Pyrrho’s Way: The Ancient Greek Version of Buddhism
Pyrrho, an ancient Greek philosopher, is known to have traveled to India while in the service of Alexander the Great. During that visit, he encountered Buddhism and brought some of the concepts back to Greece, incorporating them into his philosophy. In Pyrrho’s Way, Bates explains those concepts and how they can still be relevant today.
The author discovered Pyrrho after becoming dissatisfied with his Zen practice. Pyrrho’s teachings offered him a more rational approach to achieving what in Greek is termed “eudaimonia.” Eudaimonia is akin to Nirvana in Buddhist teachings and is best described by Bates as a happy or flourishing life. Throughout this book, the author highlights Pyrrho’s teachings as well as those of his contemporaries. His meticulous research opened my mind to a new way of thinking. Notably, the idea of suspending judgement was something that I found appealing. Not accepting dogma as fact or truth seems to be at the heart of Pyrrho’s work. By not allowing ourselves to get caught up in such concepts, we can free our minds and focus on things that are evident to us.
I think Book V, which ended with ways one could practice Pyrrhonism today, seemed a more logical conclusion to the book than Book VI, which appeared to be tacked on without reason. Nevertheless, I did not, as the author feared on page 190, want to hurl the book at the wall because it suggests that I should suspend judgement on long-held beliefs. I found the idea refreshing. Especially with regard to politics, which I thought he covered well by asking if the drama we encounter in this field adds value to our lives.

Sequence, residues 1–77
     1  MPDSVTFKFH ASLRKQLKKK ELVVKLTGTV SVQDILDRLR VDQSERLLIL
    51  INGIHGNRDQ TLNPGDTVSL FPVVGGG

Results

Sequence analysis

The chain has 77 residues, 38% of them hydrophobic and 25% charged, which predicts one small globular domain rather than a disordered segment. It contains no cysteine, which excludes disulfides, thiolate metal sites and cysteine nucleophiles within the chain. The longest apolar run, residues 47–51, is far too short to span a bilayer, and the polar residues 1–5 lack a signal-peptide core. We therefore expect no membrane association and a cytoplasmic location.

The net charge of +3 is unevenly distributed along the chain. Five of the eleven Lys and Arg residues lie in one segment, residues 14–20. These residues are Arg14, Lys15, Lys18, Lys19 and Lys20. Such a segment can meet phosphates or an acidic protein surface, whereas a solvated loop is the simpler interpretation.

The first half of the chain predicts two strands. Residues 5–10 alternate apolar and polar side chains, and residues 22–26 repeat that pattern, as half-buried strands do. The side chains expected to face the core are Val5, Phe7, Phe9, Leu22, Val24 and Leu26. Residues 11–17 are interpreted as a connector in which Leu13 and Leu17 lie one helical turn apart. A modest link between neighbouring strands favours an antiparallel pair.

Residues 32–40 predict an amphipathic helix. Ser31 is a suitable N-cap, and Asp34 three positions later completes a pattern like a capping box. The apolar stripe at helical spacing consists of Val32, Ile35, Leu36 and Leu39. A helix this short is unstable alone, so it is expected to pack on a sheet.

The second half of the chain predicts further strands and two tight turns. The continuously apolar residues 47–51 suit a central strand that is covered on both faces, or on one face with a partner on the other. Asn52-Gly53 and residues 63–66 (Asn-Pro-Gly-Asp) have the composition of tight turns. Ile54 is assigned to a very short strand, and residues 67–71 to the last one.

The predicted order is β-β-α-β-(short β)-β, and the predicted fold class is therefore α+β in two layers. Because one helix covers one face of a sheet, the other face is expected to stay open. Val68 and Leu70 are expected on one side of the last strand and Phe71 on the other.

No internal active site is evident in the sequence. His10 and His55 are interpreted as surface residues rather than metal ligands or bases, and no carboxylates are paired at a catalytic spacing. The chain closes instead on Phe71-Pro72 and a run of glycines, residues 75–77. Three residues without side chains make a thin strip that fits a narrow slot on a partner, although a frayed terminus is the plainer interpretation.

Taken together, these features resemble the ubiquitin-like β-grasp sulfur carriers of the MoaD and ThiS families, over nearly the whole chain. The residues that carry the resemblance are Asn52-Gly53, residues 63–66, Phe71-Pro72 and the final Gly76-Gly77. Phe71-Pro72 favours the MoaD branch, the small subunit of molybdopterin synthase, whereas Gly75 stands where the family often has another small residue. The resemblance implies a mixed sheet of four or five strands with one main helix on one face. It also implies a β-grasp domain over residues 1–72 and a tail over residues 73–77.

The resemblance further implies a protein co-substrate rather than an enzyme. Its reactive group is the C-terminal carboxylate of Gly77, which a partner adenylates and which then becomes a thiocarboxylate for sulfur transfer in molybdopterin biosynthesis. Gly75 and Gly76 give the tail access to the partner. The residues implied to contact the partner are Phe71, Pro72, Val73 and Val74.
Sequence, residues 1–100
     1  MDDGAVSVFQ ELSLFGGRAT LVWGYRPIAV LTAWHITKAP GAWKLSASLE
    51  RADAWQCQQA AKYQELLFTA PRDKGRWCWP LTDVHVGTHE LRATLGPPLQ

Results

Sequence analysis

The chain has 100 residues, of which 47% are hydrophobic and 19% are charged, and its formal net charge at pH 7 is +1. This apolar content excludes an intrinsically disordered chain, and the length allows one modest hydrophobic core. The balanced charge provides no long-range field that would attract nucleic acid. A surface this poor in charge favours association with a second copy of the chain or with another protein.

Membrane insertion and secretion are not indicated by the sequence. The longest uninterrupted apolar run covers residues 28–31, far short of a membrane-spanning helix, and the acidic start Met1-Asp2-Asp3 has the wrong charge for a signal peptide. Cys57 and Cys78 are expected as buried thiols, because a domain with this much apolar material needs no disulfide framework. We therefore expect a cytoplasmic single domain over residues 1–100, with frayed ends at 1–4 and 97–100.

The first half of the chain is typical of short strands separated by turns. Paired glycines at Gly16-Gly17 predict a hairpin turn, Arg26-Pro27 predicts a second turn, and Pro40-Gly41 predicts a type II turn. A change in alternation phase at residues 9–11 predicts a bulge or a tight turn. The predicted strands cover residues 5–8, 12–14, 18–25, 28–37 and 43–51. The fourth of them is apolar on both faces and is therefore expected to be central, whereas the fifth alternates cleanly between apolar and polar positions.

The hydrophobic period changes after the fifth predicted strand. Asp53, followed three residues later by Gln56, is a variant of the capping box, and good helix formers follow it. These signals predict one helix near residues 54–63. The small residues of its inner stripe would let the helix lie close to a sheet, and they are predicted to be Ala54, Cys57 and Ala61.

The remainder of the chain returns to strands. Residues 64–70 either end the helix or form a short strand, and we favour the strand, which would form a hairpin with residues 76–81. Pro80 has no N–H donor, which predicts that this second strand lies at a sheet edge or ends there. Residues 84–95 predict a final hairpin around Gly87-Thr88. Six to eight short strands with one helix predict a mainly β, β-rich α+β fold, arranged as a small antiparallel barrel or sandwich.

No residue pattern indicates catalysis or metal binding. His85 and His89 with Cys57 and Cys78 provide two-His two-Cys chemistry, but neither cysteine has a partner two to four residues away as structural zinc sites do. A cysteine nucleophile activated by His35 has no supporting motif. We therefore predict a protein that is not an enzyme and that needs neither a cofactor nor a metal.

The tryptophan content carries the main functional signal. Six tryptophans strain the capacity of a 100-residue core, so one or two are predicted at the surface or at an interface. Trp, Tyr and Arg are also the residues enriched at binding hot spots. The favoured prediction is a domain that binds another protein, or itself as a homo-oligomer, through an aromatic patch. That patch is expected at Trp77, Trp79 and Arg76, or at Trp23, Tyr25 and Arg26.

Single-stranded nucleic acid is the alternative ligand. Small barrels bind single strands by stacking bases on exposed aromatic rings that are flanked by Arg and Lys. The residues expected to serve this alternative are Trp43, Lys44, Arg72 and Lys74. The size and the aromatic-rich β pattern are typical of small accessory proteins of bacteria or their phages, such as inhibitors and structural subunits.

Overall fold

I think it should be said that this is a book to be studied. Yes, one can read through and get an idea about Pyrrhonism and what it is all about, but I think the ideas presented deserve more than a cursory view. I agree with the author that those who have had trouble following Buddhism, or who find Zen Koans vague and frustrating, will likely benefit from this more Western and rational approach of seeking eudaimonia by looking outward rather than inward. By examining Pyrrho’s way, they may come to understand more about Buddhism as well. Also, the author gives some good examples of how readers can put into practice what they learn. Since meditation was not something that Pyrrho brought back from India, the author suggests long walks or other activities in nature that allow one to think and practice self-argumentation.
Overall, I think this is a well-written book. The author has been able to take a complex subject and present it in a manner that will benefit others. I think I will take away several things from this work. First, I should suspend judgement more often than not. Second, I should spend more time seeking without concluding. For me, this book offered a lot of food for thought, much of which will stay with me.
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